Jeff King <> writes:

> My general impression of the goal of our current code organization is:
>   1. builtin/*.c should each contain a single builtin command and its
>      supporting static functions. Each file gets linked into git.o to
>      make the "main" git executable.

Correct; that is what we aimed for when we made builtin-*.c (later
moved to builtin/*.c).  Some builtin/*.c files can contain more than
one cmd_foo implementations, so "single" is not a solid rule, and it
does not have to be, because all of them are expected to be linked
into the main binary together with git.c to be called from main().

And as you hinted, if some global data or functions in it turns out
to be useful for standalone binaries, their definitions must migrate
out of buitlin/*.c to ./*.c files, because standalone binaries with
their own main() definition cannot be linked with builtin/*.o, the
latter of which requires to be linked with git.o with its own main().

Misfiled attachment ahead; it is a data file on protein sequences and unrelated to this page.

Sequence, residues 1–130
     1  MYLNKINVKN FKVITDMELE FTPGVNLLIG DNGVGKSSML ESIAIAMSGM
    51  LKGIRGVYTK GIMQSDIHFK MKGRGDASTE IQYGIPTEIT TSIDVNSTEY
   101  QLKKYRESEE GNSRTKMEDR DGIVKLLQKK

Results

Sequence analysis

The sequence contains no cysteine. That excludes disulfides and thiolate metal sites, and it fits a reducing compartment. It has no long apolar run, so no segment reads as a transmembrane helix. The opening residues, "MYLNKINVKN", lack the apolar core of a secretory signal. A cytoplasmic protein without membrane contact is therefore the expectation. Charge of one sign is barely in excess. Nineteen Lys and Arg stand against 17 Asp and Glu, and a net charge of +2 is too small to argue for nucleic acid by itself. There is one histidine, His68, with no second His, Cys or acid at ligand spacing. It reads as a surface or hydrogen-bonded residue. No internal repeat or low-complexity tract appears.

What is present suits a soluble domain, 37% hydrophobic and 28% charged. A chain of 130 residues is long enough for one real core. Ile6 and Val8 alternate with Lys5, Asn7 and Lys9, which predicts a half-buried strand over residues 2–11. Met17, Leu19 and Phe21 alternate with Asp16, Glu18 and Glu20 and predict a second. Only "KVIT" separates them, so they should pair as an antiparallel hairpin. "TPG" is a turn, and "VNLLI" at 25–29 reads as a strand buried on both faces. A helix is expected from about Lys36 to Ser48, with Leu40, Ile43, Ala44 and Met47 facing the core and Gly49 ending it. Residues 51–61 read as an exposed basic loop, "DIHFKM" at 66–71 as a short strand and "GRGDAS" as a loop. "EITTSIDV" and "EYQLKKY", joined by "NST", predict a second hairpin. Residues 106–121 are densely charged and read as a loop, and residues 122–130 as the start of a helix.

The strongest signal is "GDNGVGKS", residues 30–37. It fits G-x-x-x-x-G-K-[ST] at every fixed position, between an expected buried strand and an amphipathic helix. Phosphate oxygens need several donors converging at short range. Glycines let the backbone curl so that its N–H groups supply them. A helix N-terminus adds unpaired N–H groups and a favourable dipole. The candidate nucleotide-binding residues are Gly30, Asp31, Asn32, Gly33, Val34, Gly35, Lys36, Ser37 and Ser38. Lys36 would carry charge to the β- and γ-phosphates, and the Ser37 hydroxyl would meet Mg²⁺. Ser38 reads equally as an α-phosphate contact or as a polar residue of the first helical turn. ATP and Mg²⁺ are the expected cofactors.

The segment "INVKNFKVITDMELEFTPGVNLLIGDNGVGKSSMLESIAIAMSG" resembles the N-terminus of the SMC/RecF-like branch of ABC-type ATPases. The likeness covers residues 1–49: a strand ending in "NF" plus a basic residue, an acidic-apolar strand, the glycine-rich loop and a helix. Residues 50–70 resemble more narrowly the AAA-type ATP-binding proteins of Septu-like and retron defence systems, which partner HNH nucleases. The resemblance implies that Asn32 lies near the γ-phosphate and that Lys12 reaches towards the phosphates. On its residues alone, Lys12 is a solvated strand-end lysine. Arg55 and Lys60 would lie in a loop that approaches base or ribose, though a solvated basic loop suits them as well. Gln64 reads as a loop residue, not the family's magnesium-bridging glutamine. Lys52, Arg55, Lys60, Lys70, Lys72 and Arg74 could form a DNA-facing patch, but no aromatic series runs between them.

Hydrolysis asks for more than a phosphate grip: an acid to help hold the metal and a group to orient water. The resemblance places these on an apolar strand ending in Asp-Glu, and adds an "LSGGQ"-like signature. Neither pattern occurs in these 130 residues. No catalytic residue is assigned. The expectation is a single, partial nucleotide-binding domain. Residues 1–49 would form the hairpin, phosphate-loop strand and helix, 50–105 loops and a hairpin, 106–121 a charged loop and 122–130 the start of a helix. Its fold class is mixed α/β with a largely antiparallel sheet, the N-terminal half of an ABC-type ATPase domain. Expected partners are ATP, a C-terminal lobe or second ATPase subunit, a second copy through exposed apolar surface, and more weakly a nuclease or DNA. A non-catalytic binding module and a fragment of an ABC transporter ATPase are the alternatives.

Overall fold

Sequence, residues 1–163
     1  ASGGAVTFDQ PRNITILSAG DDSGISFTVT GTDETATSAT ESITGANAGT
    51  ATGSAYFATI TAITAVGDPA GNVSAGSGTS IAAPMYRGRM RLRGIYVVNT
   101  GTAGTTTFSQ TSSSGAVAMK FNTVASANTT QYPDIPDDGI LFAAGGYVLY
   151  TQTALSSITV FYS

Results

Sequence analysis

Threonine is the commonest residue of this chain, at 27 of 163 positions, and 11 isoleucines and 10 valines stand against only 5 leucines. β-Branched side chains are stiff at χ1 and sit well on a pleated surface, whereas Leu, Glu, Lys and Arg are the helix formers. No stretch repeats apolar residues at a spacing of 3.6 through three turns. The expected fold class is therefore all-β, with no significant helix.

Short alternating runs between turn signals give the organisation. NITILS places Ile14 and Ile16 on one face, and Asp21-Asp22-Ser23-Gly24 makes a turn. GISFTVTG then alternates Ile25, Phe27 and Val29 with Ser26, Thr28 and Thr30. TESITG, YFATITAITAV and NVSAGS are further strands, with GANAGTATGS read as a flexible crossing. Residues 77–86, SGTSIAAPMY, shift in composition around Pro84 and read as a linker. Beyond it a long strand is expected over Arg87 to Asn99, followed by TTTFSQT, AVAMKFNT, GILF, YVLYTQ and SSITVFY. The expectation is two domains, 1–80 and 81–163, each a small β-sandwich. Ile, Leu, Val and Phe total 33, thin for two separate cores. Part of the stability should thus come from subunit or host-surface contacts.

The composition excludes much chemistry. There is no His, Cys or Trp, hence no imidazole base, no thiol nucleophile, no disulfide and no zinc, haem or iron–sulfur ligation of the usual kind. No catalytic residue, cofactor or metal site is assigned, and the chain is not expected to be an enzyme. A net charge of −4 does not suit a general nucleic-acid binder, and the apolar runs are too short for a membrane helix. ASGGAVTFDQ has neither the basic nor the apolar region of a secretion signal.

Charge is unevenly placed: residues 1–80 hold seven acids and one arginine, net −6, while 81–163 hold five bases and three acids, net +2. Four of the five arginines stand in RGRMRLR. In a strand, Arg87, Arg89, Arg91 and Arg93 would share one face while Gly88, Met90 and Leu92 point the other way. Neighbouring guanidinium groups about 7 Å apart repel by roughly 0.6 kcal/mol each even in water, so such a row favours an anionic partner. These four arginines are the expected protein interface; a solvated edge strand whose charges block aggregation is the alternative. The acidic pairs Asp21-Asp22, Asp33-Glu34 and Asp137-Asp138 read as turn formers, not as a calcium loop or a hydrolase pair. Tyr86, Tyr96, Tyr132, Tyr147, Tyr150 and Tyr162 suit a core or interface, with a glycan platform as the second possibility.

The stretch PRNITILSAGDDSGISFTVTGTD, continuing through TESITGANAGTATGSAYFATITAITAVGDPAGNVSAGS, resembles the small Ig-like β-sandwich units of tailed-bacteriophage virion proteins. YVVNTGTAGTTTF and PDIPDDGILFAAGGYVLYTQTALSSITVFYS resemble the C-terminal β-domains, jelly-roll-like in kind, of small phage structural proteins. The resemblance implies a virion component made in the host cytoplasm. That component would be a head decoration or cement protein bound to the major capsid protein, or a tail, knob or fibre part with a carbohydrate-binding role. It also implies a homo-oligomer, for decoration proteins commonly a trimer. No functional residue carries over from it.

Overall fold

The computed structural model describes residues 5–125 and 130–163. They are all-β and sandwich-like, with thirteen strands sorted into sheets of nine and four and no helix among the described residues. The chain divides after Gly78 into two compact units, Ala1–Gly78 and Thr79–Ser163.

>   2. ./*.c is one of:
>        a. Shared code usable by externals and builtins, which gets
>           linked into libgit.a
>        b. An external command itself, with its own main(). It gets
>           linked against libgit.a.
>   3. Functions in libgit.a should be defined in a header file specific
>      to their module (e.g., refs.h). cache.h picks up the slack for
>      things that are general, or too small to get their own header file,
>      or otherwise don't group well.
> I said it was a "goal", because I know that we do not follow that in
> many places, so it is certainly easy to find counter-examples (and nor
> do I think it cannot be changed; I am just trying to describe the
> current rationale). Under that organization, there is no place for "code
> that does not go into libgit.a, but is not a builtin command in itself".
> There was never a need in the past, because libgit.a was a bit of a
> dumping ground for linkable functions, and nobody cared that it had
> everything and the kitchen sink.

The rationale behind libgit.a was so that make targets for the
standalone binaries (note: all of them were standalone in the
beginning) do not have to list *.o files that each of them needs to
be linked with.  It was primary done as a convenient way to have the
linker figure out the dependency and link only what was needed.
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